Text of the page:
Chicago Public Schools Invite IWitness to Service-Learning Community Partner Resource Fair
Chicago educators will learn about IWitness as an option for helping their students meet the city’s service-learning requirement at a special resource fair on Monday, Oct. 17.
Chicago Public Schools (CPS) requires that all students complete three service-learning projects in order to graduate. Service-learning is a teaching strategy that connects classroom curriculum with service projects. Service-learning engages students in projects that serve the community while building social, civic, and academic skills.
The CPS Service-Learning Community Partner Resource Fair on Oct. 17 is an opportunity for CPS Service-Learning Coaches and teachers to network with community organizations and learn more about the service-learning supports they offer. Organizers offered USC Shoah Foundation the opportunity to share IWitness at the event as a possible avenue for students to complete service-learning projects.
The annual IWitness Video Challenge is one such project. The contest, open to all middle- and high school students in the U.S. and Canada, asks students to submit short videos to show how they were inspired by testimony to make positive choices and create value in their community. Previous entries have documented students’ projects to give sandwiches to the homeless, participate in a march for immigration reform, write kind notes to every student in their school, and more – all inspired by the testimonies of Holocaust survivors in IWitness.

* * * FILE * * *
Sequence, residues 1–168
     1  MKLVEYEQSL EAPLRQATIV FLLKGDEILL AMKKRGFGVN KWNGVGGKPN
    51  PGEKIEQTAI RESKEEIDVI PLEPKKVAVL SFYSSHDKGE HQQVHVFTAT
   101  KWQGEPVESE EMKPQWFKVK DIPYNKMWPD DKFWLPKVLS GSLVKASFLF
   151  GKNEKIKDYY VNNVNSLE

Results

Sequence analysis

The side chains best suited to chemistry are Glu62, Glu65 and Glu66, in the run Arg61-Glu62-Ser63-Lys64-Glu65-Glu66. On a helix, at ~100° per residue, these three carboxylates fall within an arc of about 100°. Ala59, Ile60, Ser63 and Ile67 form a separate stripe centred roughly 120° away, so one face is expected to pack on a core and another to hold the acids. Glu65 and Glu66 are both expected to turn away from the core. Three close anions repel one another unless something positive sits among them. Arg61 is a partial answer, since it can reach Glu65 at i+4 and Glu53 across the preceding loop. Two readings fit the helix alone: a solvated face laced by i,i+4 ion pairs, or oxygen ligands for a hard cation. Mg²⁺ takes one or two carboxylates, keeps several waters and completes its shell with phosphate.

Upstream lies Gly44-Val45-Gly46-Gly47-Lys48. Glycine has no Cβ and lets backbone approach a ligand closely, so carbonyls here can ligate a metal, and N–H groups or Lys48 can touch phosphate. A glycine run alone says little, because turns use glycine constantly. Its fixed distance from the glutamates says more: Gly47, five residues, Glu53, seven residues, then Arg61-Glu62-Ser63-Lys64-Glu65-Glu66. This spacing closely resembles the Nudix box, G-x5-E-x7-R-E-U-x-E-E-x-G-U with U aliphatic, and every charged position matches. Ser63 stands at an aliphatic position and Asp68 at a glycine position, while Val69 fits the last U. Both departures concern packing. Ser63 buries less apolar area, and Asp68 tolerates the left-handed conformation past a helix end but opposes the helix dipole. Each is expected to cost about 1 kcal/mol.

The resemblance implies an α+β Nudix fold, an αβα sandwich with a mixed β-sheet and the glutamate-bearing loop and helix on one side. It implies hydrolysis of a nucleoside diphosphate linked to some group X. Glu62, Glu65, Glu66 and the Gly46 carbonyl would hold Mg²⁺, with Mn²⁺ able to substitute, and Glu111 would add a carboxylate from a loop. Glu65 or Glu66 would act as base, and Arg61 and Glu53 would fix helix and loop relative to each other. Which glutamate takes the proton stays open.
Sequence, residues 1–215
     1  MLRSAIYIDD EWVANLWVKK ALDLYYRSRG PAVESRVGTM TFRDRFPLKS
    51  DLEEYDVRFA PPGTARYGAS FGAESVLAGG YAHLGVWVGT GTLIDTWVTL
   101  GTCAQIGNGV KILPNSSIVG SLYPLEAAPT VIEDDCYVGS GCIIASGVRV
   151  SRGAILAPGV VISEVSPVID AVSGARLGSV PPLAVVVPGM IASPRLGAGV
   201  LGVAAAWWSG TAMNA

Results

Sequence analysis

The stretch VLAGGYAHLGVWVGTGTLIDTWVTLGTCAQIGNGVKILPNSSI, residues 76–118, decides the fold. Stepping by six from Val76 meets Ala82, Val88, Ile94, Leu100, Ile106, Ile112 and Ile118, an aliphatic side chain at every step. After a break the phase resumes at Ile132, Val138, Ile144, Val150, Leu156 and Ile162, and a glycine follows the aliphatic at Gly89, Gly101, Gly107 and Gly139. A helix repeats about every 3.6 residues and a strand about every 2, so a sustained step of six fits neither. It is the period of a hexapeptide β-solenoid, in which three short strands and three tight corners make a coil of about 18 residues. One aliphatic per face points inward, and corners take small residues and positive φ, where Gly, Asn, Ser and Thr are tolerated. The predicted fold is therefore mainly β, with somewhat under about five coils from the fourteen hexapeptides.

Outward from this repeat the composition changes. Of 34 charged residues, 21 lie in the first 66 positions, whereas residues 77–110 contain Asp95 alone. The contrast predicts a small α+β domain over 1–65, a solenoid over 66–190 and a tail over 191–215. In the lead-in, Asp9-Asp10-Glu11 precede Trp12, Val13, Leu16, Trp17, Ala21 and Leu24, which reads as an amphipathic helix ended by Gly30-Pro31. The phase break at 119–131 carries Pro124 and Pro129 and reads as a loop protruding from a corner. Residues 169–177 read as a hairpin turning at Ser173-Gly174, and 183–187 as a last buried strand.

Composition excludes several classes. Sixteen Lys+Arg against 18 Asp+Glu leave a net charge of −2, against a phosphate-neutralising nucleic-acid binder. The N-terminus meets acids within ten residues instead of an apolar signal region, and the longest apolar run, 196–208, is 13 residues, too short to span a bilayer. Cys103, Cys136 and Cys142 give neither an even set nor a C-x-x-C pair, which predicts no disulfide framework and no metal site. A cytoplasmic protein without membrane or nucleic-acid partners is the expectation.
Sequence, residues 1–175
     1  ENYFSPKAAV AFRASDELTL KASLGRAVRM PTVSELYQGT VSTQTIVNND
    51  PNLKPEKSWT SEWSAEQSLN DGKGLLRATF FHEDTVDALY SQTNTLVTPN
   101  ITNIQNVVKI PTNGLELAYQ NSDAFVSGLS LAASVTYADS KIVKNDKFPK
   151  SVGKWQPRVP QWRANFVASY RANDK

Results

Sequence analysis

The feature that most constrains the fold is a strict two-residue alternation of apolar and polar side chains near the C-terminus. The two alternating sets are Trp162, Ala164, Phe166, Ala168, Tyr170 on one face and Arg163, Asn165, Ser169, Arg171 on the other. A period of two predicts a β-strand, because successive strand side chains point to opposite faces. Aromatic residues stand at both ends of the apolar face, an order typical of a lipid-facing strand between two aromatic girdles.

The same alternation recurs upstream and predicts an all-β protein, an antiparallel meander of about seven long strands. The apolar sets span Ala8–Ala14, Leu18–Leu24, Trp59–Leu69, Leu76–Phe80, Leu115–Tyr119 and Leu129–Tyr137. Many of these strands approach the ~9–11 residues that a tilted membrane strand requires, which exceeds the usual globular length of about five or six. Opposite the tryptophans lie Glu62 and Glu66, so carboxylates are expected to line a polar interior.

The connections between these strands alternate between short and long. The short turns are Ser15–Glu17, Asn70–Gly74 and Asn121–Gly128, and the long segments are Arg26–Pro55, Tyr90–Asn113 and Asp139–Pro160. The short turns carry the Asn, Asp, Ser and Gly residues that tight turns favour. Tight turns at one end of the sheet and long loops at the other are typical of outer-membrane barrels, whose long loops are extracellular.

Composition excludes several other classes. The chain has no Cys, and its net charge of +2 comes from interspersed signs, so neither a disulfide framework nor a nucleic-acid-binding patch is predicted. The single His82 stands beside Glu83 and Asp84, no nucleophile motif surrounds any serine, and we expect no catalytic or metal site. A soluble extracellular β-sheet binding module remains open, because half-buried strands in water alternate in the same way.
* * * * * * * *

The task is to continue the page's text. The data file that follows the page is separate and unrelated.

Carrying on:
Educators can also construct their own activities in IWitness with service-learning components, or draw on already-existing activities, to meet their needs.
Students can also engage with their communities through testimony on social media, using USC Shoah Foundation’s social media campaign #BeginsWithMe. Using this hashtag, students are encouraged to share what they personally can do to make their communities more tolerant and peaceful.
USC Shoah Foundation Director of Education Kori Street previously attended a kick-off meeting for accredited Service-Learning Community Partners on Sept. 21.
IWitness has already been introduced to Chicago teachers and students on several occasions, including the Boys & Girls Clubs of Chicago, a fifth-grade classroom at OA Thorpe Scholastic Academy, and teacher-training workshops led by former USC Shoah Foundation regional consultant and teacher Brandon Barr.
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